But the day of the Lord will come as unexpectedly as a thief. Then the heavens will pass away with a terrible noise, and everything in them will disappear in fire, and the earth and everything on it will be exposed to judgment. — 2 Peter 3:10
When Saddam Hussein, the Iraqi dictator, decided to occupy Kuwait, a coalition of nations decided he should be evicted and punished. The ancient city of Baghdad was subjected to a massive aerial bombardment, and television showed pictures of “smart bombs” hurtling with devastating accuracy into selected targets. People around the world watched from the comfort of their own homes, but there was little comfort in the homes of Saddam’s troubled people. For them, the “fireworks display” was destruction and devastation.
So it will be in the “day of the Lord.” The prophet Joel said the day of the Lord will be “an awesome, terrible thing” (Joel 2:11). But Peter, preaching in Jerusalem, called it “that great and glorious day of the Lord” (Acts 2:20).
Which will it be—great and glorious or awesome and terrible? It will depend entirely where you’re sitting. Those who are safe and secure in Christ’s salvation will rejoice as they are introduced to the full glory of His presence for all eternity; those who are not in Christ will experience the awesome, terrifying judgment of God.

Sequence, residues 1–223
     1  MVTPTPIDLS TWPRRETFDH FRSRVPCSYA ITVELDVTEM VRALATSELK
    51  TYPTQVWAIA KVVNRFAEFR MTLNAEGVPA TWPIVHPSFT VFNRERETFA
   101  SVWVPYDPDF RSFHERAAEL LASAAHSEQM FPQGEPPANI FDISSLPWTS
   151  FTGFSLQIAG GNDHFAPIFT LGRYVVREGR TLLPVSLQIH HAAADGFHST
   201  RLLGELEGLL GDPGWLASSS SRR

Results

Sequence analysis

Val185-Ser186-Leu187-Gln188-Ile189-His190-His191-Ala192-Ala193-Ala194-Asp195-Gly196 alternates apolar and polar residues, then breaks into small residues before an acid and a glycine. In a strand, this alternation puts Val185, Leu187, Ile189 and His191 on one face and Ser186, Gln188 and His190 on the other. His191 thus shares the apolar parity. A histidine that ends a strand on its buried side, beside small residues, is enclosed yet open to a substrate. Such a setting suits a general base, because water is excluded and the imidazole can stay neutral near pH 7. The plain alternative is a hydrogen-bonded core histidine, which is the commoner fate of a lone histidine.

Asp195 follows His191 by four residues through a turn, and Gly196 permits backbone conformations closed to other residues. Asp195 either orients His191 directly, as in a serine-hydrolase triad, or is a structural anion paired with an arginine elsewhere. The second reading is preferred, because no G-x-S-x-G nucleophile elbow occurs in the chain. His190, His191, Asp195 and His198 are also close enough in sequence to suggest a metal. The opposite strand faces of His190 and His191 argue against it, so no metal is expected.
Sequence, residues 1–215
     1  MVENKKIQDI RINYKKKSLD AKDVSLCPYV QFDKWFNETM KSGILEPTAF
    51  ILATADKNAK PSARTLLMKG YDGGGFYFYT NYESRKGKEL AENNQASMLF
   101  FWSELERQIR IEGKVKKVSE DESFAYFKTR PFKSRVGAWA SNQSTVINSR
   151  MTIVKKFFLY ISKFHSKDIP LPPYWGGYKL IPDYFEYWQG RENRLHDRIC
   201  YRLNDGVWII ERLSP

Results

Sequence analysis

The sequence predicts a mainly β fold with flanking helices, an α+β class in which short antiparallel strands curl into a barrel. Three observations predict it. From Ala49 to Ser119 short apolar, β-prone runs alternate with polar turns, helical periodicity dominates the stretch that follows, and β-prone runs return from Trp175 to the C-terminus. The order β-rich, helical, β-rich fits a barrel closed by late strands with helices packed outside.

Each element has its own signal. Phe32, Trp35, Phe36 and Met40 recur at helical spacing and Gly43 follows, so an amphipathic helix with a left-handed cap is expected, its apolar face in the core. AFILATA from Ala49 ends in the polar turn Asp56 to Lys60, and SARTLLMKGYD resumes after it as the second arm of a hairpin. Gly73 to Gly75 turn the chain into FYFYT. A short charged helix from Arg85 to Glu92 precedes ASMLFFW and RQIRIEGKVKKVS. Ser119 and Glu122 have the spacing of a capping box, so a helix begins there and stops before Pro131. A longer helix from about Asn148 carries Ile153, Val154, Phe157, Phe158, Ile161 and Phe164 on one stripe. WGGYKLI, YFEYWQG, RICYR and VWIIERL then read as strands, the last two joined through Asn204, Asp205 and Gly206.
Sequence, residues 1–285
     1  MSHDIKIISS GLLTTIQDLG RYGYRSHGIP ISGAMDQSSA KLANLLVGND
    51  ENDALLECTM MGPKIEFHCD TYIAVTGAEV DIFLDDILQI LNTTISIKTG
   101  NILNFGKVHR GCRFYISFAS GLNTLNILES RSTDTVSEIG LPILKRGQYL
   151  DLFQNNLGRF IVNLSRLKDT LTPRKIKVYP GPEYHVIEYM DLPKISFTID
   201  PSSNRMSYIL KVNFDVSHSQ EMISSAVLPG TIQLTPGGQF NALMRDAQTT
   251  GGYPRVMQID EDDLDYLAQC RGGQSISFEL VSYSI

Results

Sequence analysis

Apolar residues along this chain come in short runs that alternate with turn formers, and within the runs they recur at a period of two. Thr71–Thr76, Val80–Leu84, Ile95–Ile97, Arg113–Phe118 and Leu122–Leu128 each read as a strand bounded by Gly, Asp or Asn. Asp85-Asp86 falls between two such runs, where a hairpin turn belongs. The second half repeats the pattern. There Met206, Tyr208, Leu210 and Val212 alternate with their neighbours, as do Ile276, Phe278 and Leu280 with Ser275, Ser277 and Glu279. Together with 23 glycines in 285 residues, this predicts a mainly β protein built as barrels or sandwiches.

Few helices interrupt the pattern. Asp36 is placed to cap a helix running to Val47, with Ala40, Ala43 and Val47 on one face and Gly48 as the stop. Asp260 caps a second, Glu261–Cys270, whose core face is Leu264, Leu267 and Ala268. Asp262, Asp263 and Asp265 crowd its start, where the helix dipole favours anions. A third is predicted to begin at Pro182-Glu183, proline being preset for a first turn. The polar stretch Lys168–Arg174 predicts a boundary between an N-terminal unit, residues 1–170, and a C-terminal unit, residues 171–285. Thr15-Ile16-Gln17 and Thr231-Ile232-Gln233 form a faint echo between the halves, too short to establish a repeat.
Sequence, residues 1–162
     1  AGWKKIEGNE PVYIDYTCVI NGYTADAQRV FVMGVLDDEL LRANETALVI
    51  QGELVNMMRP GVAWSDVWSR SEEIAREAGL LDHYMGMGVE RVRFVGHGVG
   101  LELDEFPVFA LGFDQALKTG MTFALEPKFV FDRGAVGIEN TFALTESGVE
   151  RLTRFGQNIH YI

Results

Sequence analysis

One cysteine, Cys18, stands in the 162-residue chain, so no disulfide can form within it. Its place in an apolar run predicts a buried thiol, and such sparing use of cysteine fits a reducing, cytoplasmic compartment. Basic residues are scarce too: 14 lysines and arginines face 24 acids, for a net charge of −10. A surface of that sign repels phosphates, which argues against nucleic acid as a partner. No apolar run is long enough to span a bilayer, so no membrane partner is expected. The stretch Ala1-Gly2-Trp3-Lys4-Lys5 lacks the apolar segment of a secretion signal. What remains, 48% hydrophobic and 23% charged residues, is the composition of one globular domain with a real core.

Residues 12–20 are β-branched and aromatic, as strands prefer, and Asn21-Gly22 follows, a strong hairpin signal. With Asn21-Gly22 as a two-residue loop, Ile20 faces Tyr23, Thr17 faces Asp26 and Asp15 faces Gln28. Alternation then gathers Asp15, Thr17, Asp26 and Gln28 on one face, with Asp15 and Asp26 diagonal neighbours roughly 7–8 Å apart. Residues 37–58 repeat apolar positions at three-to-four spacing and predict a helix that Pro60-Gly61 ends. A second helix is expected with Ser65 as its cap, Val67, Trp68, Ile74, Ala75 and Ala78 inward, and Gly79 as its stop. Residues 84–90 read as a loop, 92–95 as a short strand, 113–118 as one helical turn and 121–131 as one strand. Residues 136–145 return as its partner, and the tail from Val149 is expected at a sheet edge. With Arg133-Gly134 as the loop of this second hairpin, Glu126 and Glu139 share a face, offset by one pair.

Many men struggle when faced with these weighty truths. Will God really bring fiery judgment on His own creation? Does He intend to create “new heavens and a new earth”? Will people really perish in the coming judgment? When will all this happen?
The timing of the day of the Lord is a secret known only to God. We are certain that the great day will happen, but we are uncertain about the timing (2 Peter 3:10).
Why the uncertainty? Why didn’t God tell us when it will happen? Perhaps because He knows human nature! Those people who have suffered for the sake of God’s kingdom and who have endured because they have hoped for His speedy return would likely have despaired. And those who have had little interest in reaching the perishing would have had even less interest if they had known that the Lord was not about to return. And since we are selfish people, we might have lived as we wished until the last minute before getting around to being what we should have been!
These things seemed to be on Peter’s mind when he said that the promise of the day of the Lord, and the uncertainty of its timing, should stimulate us to “holy, godly lives” (3:11). We should “look forward” to this great event, and the anticipation should inspire us to “hurry it along” (3:12). For we can be sure—“the day of the Lord will come”!
For further study: 2 Peter 3:8-18
Content taken from The One Year Book of Devotions for Men by Stuart Briscoe. Copyright ©2000. Used by permission of Tyndale House Publishers. All rights reserved.